Part 1 Hospice Care


Chapter 1 Living Fully Before Death: Two Stories


Palliative care is the physical, emotional, spiritual and informational support given to someone who has a terminal or life-threatening illness and to their families. The following are the stories of Mary and Frank's illness and their deaths. Mary's story is somewhat typical of how many people die in Canada today. Frank's story represents the hospice approach to living life fully until you die. Some of the details of these composite stories have been changed to respect people's privacy.


Mary

In 1974 Mary's family doctor found a lump in Mary's breast. After several tests and visits to various doctors Mary had a radical mastectomy to remove her left breast. Her husband Sam and three children (Susan, Pat and Bob) were very supportive even though they were not always sure of how to help Mary.


A year after her mastectomy Mary began to feel an intense, piercing pain in her chest. She thought her cancer may be returned and her gripping anxiety worsened the pain. Mary's son Bob was home from university and got Mary to agree to go to her local hospital Emergency Department for tests and possible treatments. Her cancer specialists did several tests to discover if her cancer had spread. Mary's doctors took her husband, Sam, aside and told him that Mary may have pulled a muscle in her chest and there was nothing to worry about, there was no cancer visible in any of her tests. They suggested that Mary's worry about her cancer coming back was common in women who have had a mastectomy and that Sam just needed to be extra supportive a little while longer. The doctors told Sam that Mary would receive physiotherapy for her chest pain "just in case she really did pull a muscle."


Mary's pain did not reduce with the physiotherapy. After two months of hot and cold treatments for her `muscle strain' Mary's condition continued to worsen over the Christmas holidays. She ended up in bed for most of the holidays feeling increased chest pain, fatigue and stomach upset. One morning, soon after Christmas, Sam found Mary unconscious on their bedroom floor. It appeared she had tried to get to the bathroom on her own and had collapsed. Sam called 911 and Mary was rushed to hospital. She was in a coma and Sam was told she might not live through the day.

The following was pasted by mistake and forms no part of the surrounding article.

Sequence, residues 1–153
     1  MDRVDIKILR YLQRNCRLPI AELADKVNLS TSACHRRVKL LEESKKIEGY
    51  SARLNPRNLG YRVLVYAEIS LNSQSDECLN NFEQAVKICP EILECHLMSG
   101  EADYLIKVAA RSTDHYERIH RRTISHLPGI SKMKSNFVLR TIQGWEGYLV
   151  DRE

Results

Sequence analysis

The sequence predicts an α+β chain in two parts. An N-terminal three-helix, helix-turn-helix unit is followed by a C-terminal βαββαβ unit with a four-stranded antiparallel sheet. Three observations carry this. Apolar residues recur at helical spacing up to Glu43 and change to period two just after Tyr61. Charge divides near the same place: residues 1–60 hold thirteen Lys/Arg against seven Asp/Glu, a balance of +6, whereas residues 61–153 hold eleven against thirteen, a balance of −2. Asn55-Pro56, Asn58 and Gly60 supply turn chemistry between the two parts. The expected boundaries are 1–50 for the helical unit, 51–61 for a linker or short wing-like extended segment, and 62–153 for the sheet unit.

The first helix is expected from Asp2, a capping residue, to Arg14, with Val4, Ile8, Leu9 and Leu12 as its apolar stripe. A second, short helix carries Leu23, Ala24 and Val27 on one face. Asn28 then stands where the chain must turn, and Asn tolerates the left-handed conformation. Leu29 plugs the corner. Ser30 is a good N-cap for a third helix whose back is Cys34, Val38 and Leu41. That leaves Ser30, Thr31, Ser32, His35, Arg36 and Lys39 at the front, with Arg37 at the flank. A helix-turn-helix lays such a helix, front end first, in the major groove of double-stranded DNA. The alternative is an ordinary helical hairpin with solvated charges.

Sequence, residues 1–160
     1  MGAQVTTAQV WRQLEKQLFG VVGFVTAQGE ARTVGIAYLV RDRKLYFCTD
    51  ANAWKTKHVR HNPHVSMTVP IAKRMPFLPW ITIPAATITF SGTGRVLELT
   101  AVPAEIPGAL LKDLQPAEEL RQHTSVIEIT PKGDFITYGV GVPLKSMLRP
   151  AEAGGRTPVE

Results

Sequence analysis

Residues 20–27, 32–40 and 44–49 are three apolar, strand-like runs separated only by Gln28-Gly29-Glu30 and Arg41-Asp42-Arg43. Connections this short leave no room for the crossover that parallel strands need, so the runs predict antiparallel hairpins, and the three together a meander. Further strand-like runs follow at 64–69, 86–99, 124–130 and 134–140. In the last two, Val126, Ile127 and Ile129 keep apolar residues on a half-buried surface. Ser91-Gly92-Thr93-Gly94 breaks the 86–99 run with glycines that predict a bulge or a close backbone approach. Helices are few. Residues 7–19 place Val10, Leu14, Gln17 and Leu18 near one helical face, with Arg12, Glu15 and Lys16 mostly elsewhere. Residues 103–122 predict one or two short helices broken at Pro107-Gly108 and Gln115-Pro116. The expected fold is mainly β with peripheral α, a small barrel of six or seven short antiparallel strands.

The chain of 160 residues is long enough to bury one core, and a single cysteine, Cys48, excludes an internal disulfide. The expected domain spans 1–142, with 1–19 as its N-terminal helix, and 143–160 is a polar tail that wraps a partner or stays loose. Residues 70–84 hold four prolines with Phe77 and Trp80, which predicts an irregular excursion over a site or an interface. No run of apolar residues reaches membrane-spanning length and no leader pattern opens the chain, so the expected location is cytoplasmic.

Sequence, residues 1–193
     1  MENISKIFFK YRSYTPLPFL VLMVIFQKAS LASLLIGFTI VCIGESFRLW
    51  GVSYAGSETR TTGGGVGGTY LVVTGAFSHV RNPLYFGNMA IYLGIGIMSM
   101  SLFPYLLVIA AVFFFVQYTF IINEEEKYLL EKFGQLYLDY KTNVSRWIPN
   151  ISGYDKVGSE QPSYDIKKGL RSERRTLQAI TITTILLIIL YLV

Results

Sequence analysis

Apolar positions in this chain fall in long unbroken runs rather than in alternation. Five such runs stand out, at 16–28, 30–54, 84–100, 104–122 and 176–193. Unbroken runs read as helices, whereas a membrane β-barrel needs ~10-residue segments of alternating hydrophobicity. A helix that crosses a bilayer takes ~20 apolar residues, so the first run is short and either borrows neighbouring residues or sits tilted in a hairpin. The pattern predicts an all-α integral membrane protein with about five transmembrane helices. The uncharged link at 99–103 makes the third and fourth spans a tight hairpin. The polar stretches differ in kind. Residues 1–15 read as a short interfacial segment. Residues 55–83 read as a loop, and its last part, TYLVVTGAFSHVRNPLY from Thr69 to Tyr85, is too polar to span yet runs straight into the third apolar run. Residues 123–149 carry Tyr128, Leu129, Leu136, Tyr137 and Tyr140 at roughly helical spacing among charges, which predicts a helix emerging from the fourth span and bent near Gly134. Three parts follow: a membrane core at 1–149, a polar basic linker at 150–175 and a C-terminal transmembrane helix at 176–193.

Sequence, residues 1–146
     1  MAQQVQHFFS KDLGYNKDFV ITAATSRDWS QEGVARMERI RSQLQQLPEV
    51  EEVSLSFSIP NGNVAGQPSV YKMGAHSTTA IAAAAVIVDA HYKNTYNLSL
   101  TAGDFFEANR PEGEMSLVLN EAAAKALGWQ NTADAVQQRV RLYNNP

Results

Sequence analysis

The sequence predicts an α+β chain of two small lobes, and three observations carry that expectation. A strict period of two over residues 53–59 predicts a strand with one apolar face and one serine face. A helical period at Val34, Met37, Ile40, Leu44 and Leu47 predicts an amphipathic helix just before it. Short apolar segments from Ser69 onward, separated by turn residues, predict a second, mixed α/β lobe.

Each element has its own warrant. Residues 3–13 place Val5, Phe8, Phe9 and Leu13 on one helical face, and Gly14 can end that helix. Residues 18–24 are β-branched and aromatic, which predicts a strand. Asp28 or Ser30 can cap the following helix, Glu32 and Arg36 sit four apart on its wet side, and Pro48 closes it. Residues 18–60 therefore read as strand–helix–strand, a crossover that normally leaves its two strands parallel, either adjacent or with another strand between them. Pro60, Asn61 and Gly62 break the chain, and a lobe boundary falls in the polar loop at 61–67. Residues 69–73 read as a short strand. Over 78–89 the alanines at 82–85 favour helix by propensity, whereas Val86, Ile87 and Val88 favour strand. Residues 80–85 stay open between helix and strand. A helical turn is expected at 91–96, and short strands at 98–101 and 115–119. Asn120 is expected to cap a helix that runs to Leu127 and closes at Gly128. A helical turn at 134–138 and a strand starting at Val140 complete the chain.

Mary's children flew in from various cities across Canada. The swiftness of the change in their mother's condition traumatised them and many of the subsequent days are just a blur in their memories today.


Mary recovered from her coma after several days. Her doctors told her very little but did tell Sam that there was nothing they could do for Mary anymore. They had discovered that her cancer had returned and was now present in her brain, liver, lungs, the sac around her heart and in her bones. The pain in her chest must have been bone cancer all along but had not shown up on X-rays only a few months before. The doctors were genuinely upset that they had not caught the cancer early enough. They were visibly saddened by Mary's condition and wished her family luck in caring for Mary at home.


Mary lived at home for a few months during which time Sam told her that her cancer had spread and that she had only a short time to live. Mary and Sam shared tears and love during that, and subsequent talks. They were each other's best friend and their 30 years of marriage was coming to an end. The children were with their parents and shared in the practical and emotional care of their mother. There were times when Mary comforted her children, as she had done so many times before, and times when Susan, Patricia and Bob comforted her.


Mary's pain continued to increase and the pain medication she was on was clearly not working. One night at 2:30 a.m. Mary sat bolt-up in bed and begged her family and God to let her die. She began reciting The Lord's Prayer loudly in hopes that her pain would subside. After a time she went on her hands and knees in bed and rocked back and forth with low pitched moans to try and reduce the pain.


Mary's family doctor came within the hour and gave her morphine. For the next two weeks Mary was in and out of semi-consciousness and was expected to die at any moment. When the family could no longer deal with the poorly managed physical pain Mary was suffering at home and their own emotional strain, they had Mary transferred to the hospital. Mary was, in fact, only a few days away from her death. Her admittance to hospital through the Emergency Department led to aggressive treatment of her condition. At one point it was determined, without consulting the family, that Mary's condition was worsening much too quickly and that she needed to go on a respirator if she was to continue to live. Mary had discussed this possibility with her family and had asked them to avoid life-support techniques if she was near death anyway.